Concerns about U.S. politicians getting older arise when reflecting on the ages of the country's top politicians and leaders: president Joe Biden is the oldest serving president in the nation's history at 81 years old, and his main rival for the 2024 elections, Donald Trump, is 77 years old.
Congress is not far behind, 6% of legislators are part of the sp-called "silent generation" (over 80 years old). The oldest senator, Democrat Dianne Feinstein, is 90 years old. She is followed by Republican Senator Chuck Grassley, who is 89.
The age of Congress is one of the highest in history
Despite the talk of a generational shift in Congress in the 2022 midterms, the average age of legislators is one of the highest in history, as indicated by an analysis by The Washington Post. Senators average 65 years of age, which is the highest on record, and House representatives over the last ten years have averaged between 57 and 58 years of age.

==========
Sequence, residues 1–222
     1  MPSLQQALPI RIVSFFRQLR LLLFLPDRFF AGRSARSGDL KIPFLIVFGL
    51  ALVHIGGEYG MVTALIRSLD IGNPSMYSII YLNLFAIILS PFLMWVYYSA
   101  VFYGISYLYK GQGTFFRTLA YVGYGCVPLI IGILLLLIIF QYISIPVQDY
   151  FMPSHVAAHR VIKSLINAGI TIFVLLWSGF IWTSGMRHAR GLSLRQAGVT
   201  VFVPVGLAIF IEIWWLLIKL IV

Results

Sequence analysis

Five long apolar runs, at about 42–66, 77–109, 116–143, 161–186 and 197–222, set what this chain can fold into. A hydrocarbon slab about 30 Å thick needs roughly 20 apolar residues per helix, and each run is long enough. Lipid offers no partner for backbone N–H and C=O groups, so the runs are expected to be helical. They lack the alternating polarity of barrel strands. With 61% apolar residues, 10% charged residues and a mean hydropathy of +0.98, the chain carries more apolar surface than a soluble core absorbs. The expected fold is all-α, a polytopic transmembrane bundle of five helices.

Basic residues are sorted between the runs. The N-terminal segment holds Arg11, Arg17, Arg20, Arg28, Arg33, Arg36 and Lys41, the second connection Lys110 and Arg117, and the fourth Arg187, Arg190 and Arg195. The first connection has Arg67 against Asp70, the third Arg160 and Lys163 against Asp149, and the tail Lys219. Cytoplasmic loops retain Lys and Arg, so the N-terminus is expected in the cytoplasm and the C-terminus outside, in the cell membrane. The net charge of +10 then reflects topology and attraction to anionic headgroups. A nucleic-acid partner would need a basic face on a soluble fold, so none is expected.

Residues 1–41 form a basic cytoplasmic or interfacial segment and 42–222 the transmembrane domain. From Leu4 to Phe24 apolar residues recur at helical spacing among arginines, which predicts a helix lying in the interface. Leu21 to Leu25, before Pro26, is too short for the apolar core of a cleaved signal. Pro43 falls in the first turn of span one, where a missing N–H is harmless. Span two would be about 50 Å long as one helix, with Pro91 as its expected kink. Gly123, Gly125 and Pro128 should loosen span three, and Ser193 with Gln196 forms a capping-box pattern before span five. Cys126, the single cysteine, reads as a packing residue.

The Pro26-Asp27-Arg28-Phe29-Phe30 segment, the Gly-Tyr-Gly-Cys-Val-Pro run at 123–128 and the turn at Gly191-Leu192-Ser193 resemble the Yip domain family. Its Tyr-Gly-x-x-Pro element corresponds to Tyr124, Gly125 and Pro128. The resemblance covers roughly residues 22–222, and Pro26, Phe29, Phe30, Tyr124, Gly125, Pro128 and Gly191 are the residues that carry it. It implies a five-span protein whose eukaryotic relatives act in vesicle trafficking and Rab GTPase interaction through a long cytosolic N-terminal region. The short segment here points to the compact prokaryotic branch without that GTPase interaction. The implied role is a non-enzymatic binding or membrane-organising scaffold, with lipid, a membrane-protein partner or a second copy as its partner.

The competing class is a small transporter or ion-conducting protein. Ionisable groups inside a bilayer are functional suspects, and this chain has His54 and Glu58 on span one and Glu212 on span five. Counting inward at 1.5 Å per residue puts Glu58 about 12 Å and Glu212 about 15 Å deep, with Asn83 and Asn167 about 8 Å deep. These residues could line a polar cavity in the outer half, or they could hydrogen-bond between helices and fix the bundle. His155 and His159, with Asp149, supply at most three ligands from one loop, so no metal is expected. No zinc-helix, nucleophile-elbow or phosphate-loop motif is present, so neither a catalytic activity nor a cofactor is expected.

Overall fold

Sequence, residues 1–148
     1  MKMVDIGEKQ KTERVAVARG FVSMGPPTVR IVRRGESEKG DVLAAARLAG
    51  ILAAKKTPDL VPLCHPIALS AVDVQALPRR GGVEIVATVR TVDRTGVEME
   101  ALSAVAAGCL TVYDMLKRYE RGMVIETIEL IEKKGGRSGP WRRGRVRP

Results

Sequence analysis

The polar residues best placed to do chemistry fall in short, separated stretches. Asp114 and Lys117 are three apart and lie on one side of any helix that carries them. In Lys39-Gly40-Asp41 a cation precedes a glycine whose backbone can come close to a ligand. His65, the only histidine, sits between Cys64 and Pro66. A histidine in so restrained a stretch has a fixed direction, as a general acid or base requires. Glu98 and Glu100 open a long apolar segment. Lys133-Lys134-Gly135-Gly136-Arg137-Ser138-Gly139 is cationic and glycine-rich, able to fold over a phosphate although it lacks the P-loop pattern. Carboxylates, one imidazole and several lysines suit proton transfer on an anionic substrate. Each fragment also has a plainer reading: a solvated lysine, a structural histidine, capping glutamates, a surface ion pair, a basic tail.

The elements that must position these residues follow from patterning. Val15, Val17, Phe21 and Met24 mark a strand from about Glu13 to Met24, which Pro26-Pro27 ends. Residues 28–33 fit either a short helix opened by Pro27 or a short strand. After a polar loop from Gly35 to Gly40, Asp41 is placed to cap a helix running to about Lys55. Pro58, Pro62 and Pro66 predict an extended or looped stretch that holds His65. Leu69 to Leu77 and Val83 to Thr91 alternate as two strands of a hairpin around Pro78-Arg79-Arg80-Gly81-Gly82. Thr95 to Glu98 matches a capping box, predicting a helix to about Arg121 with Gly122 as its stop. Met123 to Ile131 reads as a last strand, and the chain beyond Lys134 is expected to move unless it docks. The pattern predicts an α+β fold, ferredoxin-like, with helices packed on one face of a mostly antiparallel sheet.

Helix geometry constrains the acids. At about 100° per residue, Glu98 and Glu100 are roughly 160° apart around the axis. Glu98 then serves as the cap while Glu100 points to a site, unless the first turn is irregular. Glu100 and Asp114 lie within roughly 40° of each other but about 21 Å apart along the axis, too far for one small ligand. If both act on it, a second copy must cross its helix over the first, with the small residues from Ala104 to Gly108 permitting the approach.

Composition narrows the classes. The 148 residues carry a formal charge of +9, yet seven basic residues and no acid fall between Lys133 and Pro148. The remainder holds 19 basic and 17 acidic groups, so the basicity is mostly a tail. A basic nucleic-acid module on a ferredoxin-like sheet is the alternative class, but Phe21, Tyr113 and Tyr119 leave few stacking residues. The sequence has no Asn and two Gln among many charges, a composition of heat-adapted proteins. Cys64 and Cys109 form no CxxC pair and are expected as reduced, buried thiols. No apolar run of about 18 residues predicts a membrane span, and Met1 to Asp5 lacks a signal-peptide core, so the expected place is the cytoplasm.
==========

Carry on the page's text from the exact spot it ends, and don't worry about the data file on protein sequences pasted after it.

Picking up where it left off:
At the opposite end of the spectrum from Feinstein and Grassley are younger members of Congress who are part of the millennial generation, including Democrats Alexandria Ocasio-Cortez, 33, and Jon Ossoff, 36. The only lawmaker who is part of Generation Z is Democrat Maxwell Frost (26), a member of the House of Representatives.
Could the age of Congress change?
Several senior congressmen left office in last year's elections. They include Democratic leaders Steny Hoyer (age 84), former House Speaker Nancy Pelosi and Jim Clyburn (both 83). They were replaced by Hakeem Jeffries (age 52), Katherine Clark (age 60) and Peter Aguilar (age 44).
However, even though the country has changed its traditional trend of electing more experienced people to public office (in the last election, the country's broke a record for most electees with no government experience). In addition, it is unlikely that the younger congressmen will gain control of the legislative body in the short term.
The analysis shows that baby boomers are the generation that makes up almost half of Congress (48%) and are likely to remain in office for a few more years. These are followed by Generation X (33%); millennials (12%); the silent generation (6%) and Generation Z (<1%).